PESHAWAR, June 28: The Khyber Pakhtunkhwa government has not allocated any funds to building new colleges in the budget 2013-14 though the province is in dire need of more colleges, especially in city centres.
“Colleges in Peshawar and rest of the district headquarters are overburdened due to shortage of higher education institutions,” said an official of the Directorate of Higher Education Department.
He said that the construction of more colleges was need of the time to provide adequate opportunities to the students to continue their higher education. However, the successive governments failed to allocate funds for this purpose in the budgets for financial years 2012-13 and 2013-14.
Presently, colleges in big cities are overcrowded and environment there is not conducive to education that is why most of the government colleges fail to produce satisfactory results.
Colleges in the urban areas have accommodated students beyond their capacity, said an assistant professor of Government College Peshawar (GCP). For instance, he said, if a college had the capacity to accommodate 500 students, its administration was being forced by public pressure and more students qualifying secondary schools certificate to award admissions to 1,200 to 1300 students due to absence of colleges in the same area.
He said that in GCP many students used to stand in the classrooms during lectures because of shortage of chairs. In such a situation, the students could hardly take notes of the lectures of their teachers. At the end of the academic year such students rely on the already published notes of respective subjects for preparation of examinations.
The assistant professor said that it was virtually impossible for the teachers to properly deliver lectures to overcrowded classes, as the students standing at the last row inside classrooms couldn’t hear them.
The hours-long power outages have added to the miseries of the students and teachers.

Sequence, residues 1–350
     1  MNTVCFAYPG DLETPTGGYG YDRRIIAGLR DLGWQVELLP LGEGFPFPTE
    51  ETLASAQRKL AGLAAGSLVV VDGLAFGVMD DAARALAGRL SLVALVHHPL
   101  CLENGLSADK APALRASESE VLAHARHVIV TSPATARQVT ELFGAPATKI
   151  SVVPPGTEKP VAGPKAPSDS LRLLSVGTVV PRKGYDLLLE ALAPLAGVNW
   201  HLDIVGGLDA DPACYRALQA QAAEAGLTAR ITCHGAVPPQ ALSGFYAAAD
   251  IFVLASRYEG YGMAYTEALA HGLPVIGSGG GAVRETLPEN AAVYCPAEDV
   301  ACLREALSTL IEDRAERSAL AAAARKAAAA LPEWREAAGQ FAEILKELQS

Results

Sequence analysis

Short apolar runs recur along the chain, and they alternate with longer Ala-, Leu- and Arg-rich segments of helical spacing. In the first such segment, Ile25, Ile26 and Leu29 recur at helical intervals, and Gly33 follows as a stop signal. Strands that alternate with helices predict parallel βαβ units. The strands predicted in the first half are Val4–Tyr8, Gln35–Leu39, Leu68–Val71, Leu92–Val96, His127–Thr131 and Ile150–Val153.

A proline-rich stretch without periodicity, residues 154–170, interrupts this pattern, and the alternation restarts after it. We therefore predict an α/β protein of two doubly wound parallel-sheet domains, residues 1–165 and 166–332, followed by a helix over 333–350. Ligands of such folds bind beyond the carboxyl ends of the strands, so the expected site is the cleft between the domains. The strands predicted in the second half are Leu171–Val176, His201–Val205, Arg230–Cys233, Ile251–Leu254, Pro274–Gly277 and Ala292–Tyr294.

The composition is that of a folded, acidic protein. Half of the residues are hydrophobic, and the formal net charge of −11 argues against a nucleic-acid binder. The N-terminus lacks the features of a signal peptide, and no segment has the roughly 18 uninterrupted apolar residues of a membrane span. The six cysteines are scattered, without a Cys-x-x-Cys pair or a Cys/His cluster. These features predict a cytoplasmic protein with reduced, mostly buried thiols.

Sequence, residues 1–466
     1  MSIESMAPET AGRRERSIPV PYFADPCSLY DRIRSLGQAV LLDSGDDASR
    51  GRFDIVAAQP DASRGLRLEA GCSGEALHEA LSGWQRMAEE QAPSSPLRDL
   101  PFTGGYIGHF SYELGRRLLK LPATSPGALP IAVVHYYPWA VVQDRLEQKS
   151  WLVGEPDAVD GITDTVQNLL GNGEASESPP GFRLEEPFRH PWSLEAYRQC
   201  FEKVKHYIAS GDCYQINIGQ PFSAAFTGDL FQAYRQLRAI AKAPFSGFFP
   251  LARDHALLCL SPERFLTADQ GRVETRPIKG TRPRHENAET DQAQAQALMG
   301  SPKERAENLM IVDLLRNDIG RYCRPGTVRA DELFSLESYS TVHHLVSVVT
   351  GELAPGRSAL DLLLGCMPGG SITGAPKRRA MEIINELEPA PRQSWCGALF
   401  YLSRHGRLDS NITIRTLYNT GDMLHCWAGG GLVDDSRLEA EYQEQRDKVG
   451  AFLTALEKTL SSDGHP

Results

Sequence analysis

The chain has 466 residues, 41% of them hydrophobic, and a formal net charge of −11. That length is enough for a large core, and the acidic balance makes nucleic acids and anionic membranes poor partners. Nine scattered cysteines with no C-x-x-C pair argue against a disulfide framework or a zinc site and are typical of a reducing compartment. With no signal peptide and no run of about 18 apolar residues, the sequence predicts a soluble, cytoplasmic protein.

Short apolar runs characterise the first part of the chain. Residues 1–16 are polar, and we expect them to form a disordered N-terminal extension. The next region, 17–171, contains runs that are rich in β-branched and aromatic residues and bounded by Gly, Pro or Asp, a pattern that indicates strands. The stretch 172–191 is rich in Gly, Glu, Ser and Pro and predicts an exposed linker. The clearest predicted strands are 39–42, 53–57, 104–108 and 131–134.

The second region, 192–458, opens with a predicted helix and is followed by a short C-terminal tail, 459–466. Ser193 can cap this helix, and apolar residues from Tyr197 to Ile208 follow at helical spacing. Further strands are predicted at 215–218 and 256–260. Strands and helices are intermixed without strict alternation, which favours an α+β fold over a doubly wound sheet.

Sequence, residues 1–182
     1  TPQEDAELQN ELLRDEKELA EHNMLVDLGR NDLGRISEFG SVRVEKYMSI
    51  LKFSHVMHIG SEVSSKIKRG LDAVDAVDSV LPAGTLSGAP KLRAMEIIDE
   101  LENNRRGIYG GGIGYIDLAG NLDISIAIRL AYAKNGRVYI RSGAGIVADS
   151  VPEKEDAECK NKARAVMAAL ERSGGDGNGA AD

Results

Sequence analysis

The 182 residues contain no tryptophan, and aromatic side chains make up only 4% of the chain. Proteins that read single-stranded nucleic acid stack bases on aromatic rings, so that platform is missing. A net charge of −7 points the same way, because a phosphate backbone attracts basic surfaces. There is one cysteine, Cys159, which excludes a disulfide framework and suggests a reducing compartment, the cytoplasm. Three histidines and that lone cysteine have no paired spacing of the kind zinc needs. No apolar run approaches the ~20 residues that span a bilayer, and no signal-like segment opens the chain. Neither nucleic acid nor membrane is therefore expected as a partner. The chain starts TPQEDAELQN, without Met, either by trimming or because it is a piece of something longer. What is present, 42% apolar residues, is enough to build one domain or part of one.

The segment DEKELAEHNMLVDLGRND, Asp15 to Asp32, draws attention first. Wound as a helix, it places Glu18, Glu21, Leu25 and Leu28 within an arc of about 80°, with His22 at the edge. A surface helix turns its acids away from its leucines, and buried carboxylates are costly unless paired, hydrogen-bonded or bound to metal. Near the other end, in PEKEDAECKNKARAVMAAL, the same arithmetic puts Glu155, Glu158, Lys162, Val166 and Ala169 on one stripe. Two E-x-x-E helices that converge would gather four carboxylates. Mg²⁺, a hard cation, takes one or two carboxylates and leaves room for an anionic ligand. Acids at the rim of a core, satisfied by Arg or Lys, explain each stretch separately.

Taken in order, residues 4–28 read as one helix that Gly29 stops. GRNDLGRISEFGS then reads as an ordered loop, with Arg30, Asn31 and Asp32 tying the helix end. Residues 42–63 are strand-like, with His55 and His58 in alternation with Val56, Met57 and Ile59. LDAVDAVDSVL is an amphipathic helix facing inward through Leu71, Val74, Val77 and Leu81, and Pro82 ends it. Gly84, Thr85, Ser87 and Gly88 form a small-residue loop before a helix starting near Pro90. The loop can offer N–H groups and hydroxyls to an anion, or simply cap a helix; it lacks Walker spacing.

Every year, thousands of students qualifying the secondary school certificate examinations are denied admission to the government colleges in part-I of the intermediate classes owing to unavailability of seats in the existing colleges, said an educationist.
The well-off students denied admission to such colleges take admission in private colleges while the poor students are left with no option but to stop getting further education, he said. “Unfortunately, workshops and factories become the next destination of such students,” he said.
Keeping in view the burgeoning population, only Peshawar needs to have 10 more colleges, an official of Higher Education Department said and added that unlike schools and universities, the successive governments had not paid much attention to the colleges.
When contacted, Higher Education Department secretary Ms Farah Hamid Khan told Dawn that many colleges had been constructed in the previous several years. “We need to improve and strengthen the existing colleges instead of constructing more buildings,” she said. Sh e said that the HED had suggested to the new government to construct colleges in big cities like Peshawar, Dera Ismail Khan, Abbottabad etc on need basis. She said that funds would mainly be spent on the human resource development and consolidation.